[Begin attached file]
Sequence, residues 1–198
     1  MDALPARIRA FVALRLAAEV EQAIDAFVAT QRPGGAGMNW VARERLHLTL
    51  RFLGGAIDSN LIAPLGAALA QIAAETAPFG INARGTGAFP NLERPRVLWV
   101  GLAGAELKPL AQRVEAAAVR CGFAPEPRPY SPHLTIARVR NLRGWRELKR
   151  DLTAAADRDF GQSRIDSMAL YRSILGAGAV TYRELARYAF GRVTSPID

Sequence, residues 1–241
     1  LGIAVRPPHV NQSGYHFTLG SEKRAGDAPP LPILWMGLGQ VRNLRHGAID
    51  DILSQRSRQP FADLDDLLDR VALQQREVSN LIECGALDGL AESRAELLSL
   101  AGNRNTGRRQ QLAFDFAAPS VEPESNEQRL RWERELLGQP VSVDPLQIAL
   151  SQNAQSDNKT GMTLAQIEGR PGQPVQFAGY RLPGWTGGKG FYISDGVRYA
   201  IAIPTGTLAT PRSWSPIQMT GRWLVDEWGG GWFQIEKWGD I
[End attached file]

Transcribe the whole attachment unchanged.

Sequence, residues 1–198
     1  MDALPARIRA FVALRLAAEV EQAIDAFVAT QRPGGAGMNW VARERLHLTL
    51  RFLGGAIDSN LIAPLGAALA QIAAETAPFG INARGTGAFP NLERPRVLWV
   101  GLAGAELKPL AQRVEAAAVR CGFAPEPRPY SPHLTIARVR NLRGWRELKR
   151  DLTAAADRDF GQSRIDSMAL YRSILGAGAV TYRELARYAF GRVTSPID

Sequence, residues 1–241
     1  LGIAVRPPHV NQSGYHFTLG SEKRAGDAPP LPILWMGLGQ VRNLRHGAID
    51  DILSQRSRQP FADLDDLLDR VALQQREVSN LIECGALDGL AESRAELLSL
   101  AGNRNTGRRQ QLAFDFAAPS VEPESNEQRL RWERELLGQP VSVDPLQIAL
   151  SQNAQSDNKT GMTLAQIEGR PGQPVQFAGY RLPGWTGGKG FYISDGVRYA
   201  IAIPTGTLAT PRSWSPIQMT GRWLVDEWGG GWFQIEKWGD I